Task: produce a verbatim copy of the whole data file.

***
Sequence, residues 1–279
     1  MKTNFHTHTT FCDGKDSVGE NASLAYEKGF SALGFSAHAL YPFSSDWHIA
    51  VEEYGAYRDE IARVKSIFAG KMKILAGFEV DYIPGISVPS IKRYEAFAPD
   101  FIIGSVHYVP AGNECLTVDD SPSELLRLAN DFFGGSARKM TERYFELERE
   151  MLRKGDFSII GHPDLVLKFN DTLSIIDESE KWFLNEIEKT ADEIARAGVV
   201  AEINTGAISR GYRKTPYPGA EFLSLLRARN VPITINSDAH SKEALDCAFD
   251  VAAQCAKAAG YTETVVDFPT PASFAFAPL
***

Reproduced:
Sequence, residues 1–279
     1  MKTNFHTHTT FCDGKDSVGE NASLAYEKGF SALGFSAHAL YPFSSDWHIA
    51  VEEYGAYRDE IARVKSIFAG KMKILAGFEV DYIPGISVPS IKRYEAFAPD
   101  FIIGSVHYVP AGNECLTVDD SPSELLRLAN DFFGGSARKM TERYFELERE
   151  MLRKGDFSII GHPDLVLKFN DTLSIIDESE KWFLNEIEKT ADEIARAGVV
   201  AEINTGAISR GYRKTPYPGA EFLSLLRARN VPITINSDAH SKEALDCAFD
   251  VAAQCAKAAG YTETVVDFPT PASFAFAPL